JEOL 733 Electron Microprobe

I ran the JEOL 733 electron microprobe at Victoria University of Wellington from 1996 until the end of 2008. This is the web page I created for that instrument. The JEOL JXA-733 Superprobe was replaced by a JEOL JXA-8230 Superprobe in 2009. Apparently this page is still of some use, so I have made some additions and corrections.

Updated 1st June 2016

Picture of JEOL 733 Electron Microprobe


The Microanalysis facility runs a JEOL 733 Electron Microprobe purchased in 1979. It has three wavelength dispersive X-ray spectrometers. In 2006 the Electron Microprobe was upgraded with new Moran Windows based software and control electronics. Previous upgrades occurred in 1992 and 1998. A digital image capture system has also been added.


The Electron Microprobe is used for:

  • Mineral identification along with help from optical microscopy and X-ray diffraction.
  • Detailed analysis of minerals in rocks.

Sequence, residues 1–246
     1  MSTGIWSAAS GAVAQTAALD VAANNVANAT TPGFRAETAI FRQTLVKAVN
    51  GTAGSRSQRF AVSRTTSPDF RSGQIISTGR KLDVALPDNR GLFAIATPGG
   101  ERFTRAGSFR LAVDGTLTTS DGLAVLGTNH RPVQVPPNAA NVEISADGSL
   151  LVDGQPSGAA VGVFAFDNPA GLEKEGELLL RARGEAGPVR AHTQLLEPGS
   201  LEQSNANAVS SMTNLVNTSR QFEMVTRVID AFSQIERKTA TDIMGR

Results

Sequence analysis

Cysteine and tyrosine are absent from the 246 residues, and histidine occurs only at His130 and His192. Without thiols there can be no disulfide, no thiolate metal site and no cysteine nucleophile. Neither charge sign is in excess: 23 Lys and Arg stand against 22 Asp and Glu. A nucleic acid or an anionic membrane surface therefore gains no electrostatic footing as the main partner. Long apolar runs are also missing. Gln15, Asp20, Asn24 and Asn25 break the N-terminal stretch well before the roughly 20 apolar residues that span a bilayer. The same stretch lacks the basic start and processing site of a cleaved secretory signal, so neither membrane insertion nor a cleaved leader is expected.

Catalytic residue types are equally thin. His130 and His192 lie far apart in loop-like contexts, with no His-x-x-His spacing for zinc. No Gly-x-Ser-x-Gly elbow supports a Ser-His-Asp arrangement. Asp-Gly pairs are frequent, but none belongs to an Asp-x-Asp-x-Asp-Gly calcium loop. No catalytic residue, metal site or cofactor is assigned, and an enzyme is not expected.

• Geothermometry and geobarometry. Temperatures and pressures of rock formation can be derived from the analysis of minerals.
  • Experimental petrology, for example element partitioning between adjacent phases after heating.
  • Tephra analysis where glass deposited from a volcanic eruption is identified from its analysis. Sediments can be dated in this way.
  • Particle analysis in sedimentology and environmental studies.
  • Searching for rare phases. The X-ray signal of an element of interest creates an image map.
  • Studies of fossil materials, limestone, shells and corals. Element distributions may be significant in economic applications such as the performance of building materials. Element ratios can be used to calculate past temperatures.
  • Cathodoluminescence shows trace element zones in sample such as zircons. Micro-textures and overgrowths are readily observed even if compositional differences are very small.
  • A STEM attachment allows transmitted electrons to be observed from samples mounted on standard TEM grids.
  • A preamplifier modification allows very small differences in backscattered electron signals to be observed. This means we can see very small compositional differences such as zoning in a crystal.
  • The Electron Microprobe is also a high quality Scanning Electron Microscope.

Electron Microprobe